These are the ``devices'' as far as the OS is concerned. That
is, the OS code is written with the controller spec in hand not with
the device spec.
- Also called adaptors.
- The controller abstracts away some of the low level features of
- For disks, the controller does error checking and buffering.
Block of data followed by checksum = total numbers of "1" bits
in the data block, for verification that the data is not corrupted or
- (Unofficial) In the old days it handled interleaving of sectors.
(Sectors are interleaved if the
controller or CPU cannot handle the data rate and would otherwise have
to wait a full revolution. This is not a concern with modern systems
since the electronics have increased in speed faster than the
- For analog monitors (CRTs) the controller does
a great deal. Analog video is far from a bunch of ones and
5.1.3: Memory-Mapped I/O
Think of a disk controller and a read request. The goal is to copy
data from the disk to some portion of the central memory. How do we
- The controller contains a microprocessor and memory and is
connected to the disk (by a cable).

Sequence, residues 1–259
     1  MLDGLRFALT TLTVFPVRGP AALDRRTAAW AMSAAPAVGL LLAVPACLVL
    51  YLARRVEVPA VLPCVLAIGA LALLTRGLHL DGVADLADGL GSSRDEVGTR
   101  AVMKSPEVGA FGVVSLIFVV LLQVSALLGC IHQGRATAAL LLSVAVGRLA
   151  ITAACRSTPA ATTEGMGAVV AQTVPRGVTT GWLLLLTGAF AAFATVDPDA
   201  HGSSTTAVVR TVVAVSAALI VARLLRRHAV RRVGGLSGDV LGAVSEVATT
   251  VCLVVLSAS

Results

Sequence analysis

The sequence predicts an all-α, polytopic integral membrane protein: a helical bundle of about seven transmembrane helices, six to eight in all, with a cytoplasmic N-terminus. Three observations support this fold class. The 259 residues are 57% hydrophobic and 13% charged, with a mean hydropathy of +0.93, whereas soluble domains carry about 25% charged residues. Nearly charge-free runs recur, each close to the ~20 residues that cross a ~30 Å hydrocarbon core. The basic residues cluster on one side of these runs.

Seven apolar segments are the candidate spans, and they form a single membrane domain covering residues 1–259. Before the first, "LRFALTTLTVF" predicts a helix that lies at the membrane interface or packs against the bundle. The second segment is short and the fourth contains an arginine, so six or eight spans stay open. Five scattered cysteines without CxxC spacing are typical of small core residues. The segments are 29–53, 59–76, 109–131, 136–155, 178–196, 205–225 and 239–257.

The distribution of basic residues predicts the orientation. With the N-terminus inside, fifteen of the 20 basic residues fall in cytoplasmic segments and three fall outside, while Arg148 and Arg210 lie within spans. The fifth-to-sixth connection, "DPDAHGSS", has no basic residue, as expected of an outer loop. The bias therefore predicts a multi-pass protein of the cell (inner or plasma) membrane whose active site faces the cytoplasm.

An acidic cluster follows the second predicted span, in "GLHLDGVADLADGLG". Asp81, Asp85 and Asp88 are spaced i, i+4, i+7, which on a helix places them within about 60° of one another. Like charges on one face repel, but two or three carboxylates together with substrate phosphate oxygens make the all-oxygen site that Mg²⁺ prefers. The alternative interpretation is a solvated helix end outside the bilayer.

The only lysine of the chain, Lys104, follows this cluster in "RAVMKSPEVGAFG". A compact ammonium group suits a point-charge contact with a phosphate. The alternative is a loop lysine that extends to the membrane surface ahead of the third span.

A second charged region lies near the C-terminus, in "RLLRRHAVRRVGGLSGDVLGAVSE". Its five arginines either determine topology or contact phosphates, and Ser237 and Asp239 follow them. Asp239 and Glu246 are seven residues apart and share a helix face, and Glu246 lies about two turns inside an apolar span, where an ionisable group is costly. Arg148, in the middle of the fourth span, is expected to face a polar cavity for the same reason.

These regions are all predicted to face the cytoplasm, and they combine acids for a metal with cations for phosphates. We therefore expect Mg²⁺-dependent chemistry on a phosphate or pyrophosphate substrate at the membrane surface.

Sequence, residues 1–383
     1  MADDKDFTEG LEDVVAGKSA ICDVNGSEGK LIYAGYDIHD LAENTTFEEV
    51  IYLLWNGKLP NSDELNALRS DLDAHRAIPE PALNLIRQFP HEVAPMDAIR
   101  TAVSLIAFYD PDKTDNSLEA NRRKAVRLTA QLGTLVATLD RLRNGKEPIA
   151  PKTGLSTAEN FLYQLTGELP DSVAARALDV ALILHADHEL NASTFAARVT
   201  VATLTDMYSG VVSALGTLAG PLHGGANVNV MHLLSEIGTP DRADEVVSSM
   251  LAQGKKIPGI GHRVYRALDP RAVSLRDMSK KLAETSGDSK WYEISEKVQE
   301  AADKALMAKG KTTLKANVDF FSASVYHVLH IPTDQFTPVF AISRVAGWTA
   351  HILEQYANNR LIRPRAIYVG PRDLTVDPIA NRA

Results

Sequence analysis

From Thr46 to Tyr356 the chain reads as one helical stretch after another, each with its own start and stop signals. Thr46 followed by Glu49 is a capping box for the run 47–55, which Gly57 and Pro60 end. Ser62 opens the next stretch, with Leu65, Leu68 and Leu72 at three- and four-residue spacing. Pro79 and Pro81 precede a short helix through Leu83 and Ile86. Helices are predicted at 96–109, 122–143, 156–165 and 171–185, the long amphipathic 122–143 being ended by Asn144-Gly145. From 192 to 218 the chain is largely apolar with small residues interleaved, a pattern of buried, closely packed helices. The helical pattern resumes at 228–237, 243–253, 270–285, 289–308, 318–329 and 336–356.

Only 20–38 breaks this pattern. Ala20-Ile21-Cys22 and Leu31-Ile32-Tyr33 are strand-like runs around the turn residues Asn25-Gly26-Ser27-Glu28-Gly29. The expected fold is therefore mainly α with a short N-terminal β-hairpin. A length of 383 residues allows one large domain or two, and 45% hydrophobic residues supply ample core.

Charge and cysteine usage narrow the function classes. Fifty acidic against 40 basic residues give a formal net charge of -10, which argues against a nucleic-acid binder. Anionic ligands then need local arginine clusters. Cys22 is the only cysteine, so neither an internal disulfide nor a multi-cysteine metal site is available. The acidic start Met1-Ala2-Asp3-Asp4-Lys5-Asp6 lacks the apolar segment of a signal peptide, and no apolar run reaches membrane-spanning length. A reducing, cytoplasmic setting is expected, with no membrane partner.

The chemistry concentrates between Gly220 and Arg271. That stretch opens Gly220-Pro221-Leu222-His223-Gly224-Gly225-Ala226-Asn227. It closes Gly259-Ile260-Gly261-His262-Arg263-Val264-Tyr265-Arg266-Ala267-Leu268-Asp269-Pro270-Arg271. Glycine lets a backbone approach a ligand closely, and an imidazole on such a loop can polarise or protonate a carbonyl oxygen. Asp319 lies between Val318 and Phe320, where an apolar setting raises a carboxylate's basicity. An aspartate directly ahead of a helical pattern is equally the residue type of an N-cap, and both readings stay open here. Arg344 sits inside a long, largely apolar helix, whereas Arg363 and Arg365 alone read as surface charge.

- When the controller asks the disk to read a sector, the contents
come to the controller via the cable and are stored by the controller
in its memory.
- The question is how does the OS, which is running on another
processor, let the controller know that a disk read is desired and how
is the data eventually moved from the controller's memory to the
general system memory.
- Typically the interface the OS sees consists of some device
registers located on the controller.
- These are memory locations into which the OS writes
information such as sector to access, read vs. write, length,
where in system memory to put the data (for a read) or from where
to take the data (for a write).
- There is also typically a device register that acts as a